Rhino Linning

Discussion in 'Trucks and Trailers' started by A+ Lawncare, May 25, 2005.

  1. A+ Lawncare

    A+ Lawncare LawnSite Senior Member
    Posts: 503

    :) i am about to get rhino lining and i'm wondering on what u guys think about it, ratings please (personal experiences)....

    also the total amount u paid for it... i have a 6ft bed, so i guess it'll be less
  2. The Dude

    The Dude LawnSite Member
    Posts: 221


    I am too lazy to type this again....

    LINE-X and Rhino differ quite a bit. The biggest difference is that LINE-X contains polyurea and Rhino does not. Polyurea enhances the bedliner’s properties: 1. LINE-X's temperature tolerance is 250 degrees and Rhino's is 175. As the temperature of the bed approaches the temp tolerance, it loses its strength. 2. Polyurea keeps moisture out of the solution thus making a more dense and solid liner. Less moisture also means better adhesion. 3. Polyurea also makes for a harder liner. The tear strength of LINE-X is 304 pounds per linear inch (pli). Rhino is 145 pli. 4. Polyurea sets up very fast, that's one reason why LINE-X goes on with heat and high pressure. LINE-X dries in about 4 seconds, so you get an even application throughout the bed. Rhino takes a minute or so to even gel, an hour or so to dry. Before it gels, gravity can pull the liner from the top ridges in to the low valleys. Rhino’s Tuff Stuff goes on cold/low pressure and thus has that “cottage cheese” or “rain on the windshield” look. LINE-X’s high heat/high pressure system gives it a very nice finished and more consistently applied texture, it’s sort of like an orange peel. The dealer can vary the texture from smooth to very rough. 5. Polyurea makes the liner more chemical resistant, especially to organic oils and solvents.

    LINE-X is the only brand with a NATIONWIDE lifetime warranty. Rhino's warranty is only with the dealer that sprayed it.

    Here is a bit of history: First on the scene were epoxy based products. They were not very durable, they cracked, peeled, etc. Then, ONE-part polyurethane products came along. One-part means that the polyurethane is suspended in a solvent. A catalyst is added which starts a chemical reaction that removes the solvent so that you have just polyurethane left. They were a significant improvement over epoxy based products. Examples of today’s one-part polyurethanes include Herculiner, Duplicolor, Durabak, and Speedliner. The newest technology is TWO-part polyurethanes. Two-part means that a resin (usually a polyol resin) is mixed with isocyanate (a hardener) which renders the polyurethane. Two-part polyurethanes are harder and much more durable than one-part polyurethanes. Two-part polys are used on today’s boats, airplanes, etc. Examples of today’s products that have two-part polyurethanes include LINE-X and Rhino.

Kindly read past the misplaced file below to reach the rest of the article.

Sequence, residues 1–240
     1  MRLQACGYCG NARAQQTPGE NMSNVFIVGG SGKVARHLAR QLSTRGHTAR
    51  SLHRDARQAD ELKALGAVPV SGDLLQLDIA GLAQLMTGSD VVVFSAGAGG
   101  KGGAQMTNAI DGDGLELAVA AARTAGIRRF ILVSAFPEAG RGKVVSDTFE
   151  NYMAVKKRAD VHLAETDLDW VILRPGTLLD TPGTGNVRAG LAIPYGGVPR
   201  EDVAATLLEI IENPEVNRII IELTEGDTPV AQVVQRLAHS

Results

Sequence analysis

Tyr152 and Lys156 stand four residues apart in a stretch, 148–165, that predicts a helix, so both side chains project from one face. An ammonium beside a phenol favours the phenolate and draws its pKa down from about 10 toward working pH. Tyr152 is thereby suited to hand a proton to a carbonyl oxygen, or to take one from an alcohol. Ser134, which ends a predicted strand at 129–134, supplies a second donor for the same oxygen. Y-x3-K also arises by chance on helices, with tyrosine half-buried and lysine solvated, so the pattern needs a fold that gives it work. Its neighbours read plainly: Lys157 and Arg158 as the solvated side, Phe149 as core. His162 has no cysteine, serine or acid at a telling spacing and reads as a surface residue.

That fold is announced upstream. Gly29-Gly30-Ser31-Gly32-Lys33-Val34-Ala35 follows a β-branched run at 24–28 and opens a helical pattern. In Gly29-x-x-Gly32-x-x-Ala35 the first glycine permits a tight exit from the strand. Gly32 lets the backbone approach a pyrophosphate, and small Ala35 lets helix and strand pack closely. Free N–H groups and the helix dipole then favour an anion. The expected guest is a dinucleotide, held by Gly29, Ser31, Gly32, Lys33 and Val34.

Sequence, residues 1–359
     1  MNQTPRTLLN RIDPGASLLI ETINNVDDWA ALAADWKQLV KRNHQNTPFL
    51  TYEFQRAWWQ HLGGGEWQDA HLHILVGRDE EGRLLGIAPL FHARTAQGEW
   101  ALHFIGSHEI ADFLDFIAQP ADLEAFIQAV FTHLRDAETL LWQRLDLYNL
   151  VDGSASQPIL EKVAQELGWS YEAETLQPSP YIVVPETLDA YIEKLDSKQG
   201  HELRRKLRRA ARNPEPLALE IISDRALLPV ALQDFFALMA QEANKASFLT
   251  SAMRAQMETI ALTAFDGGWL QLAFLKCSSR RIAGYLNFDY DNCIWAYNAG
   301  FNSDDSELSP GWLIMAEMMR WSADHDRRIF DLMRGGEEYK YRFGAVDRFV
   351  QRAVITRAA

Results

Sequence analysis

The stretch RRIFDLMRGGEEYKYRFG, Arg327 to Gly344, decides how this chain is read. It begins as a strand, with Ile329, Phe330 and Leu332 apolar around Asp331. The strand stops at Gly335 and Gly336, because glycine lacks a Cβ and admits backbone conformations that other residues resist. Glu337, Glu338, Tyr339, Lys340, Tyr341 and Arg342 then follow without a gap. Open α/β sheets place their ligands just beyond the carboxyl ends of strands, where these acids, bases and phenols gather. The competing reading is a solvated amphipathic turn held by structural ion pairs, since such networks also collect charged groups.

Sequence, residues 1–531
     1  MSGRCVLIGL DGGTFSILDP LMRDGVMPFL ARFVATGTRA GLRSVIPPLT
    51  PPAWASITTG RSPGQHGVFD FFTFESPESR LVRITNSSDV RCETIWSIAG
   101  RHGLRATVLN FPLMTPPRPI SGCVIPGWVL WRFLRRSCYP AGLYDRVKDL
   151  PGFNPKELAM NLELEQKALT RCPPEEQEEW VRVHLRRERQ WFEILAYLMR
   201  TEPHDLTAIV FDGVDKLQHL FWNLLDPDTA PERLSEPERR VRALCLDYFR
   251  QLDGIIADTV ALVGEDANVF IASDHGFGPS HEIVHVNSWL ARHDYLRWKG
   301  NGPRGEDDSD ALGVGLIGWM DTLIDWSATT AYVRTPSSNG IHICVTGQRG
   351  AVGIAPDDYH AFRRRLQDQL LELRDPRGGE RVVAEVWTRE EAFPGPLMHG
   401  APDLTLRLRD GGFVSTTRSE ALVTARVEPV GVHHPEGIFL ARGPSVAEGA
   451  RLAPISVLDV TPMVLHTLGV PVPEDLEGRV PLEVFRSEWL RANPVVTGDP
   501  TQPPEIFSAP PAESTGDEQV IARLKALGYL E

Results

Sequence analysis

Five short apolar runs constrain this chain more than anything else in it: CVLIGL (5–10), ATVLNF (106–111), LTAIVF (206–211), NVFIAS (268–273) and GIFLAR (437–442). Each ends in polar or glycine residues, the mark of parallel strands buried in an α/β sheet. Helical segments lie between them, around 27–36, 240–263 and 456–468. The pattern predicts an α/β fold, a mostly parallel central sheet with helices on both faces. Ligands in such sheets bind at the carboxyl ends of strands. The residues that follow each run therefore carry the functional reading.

Most brands just add pigment to color the liner. Pigmented liners will fade. Most LINE-X dealers also use Dupont Nason paint. Nason paint is an automotive paint and will not fade. If you get a color match, be sure they use Nason paint as well as pigment.
    Hope that helps!
  3. br549oicu8

    br549oicu8 LawnSite Bronze Member
    Posts: 1,230

    I have one truck with a Rhino liner and two with Line-X. Love the Line-x....
    The Rhino was higher priced but is softer and easier to damage.
    Get the Line-X!!!!!!!!!!!!
  4. Jason Rose

    Jason Rose LawnSite Fanatic
    Posts: 5,858

    Is the Line-x liner soft at all? The Rhino liners I have seen and touched had a little "squish" to them, kinda like a rubber bed mat. To me, this is better. I HATE hard slick bedliners, wether they are sprayed on or the plastic insert kind. Everything slides on them cause they are slick as snot. Personally I'd rather just have a good old fashioned Rubber bed mat. Cushions whatever is in the bed and stuff dosn't slide.
  5. ALarsh

    ALarsh LawnSite Silver Member
    from Midwest
    Posts: 2,412

    Let me know what you will pay A+. I have the same truck and want a lining also...
  6. Eddie B

    Eddie B LawnSite Senior Member
    from gone
    Posts: 859

    We've used Rhino and Line-X at The News Journal, Rhino wins my vote. You can tell the Line-X is more durable right off the bat, but its hard stuff, doesn't offer the "grip" that Rhino does. As far as price, I have no idea.
  7. Green Pastures

    Green Pastures LawnSite Silver Member
    Posts: 2,457

    I have no experience with anything other than Line-X. That experience has been fantastic though.

    I had Line-X sprayed on the ramp, floor and 1' up on the walls of my 8 x 20 enclosed trailer almost 5 years ago.

    It has endured mower, car and human traffic, granular fertilizer, lime and liquid weed control product spills, gasoline and oil spills, bags of fermenting grass left for days, 100 degree days in summer and freezing cold temperatures in winter as well as harsh detergents from cleaning.

    As far as I can see none of the product has worn away. There is no gradual wearing out of the anti skid properties inherent in Line-X. After it's cleaned the color looks the same as the day I had it sprayed on. I consider it the best $1200 I've spent in this business.

    I consider it an absolute necessity to have Line-X sprayed on the floors, ramp and walls of any enclosed trailer I purchase PRIOR to any use.

    Line-X has me COMPLETELY satisfied as a customer. I will be using Line-X inside every trailer and truck bed I purchase.
  8. Itsgottobegreen

    Itsgottobegreen LawnSite Silver Member
    Posts: 2,177

    I am going to get my enclosed trailer sprayed after I replace the 1/4" laun with some 1/2" or 5/8" plywood. I love line-X, but a loader bucket is no match or a very sharp shovel with loading or unloading a pickup full of mulch or dirt. I have had my tail gate resparyed twice. Free of course. :)

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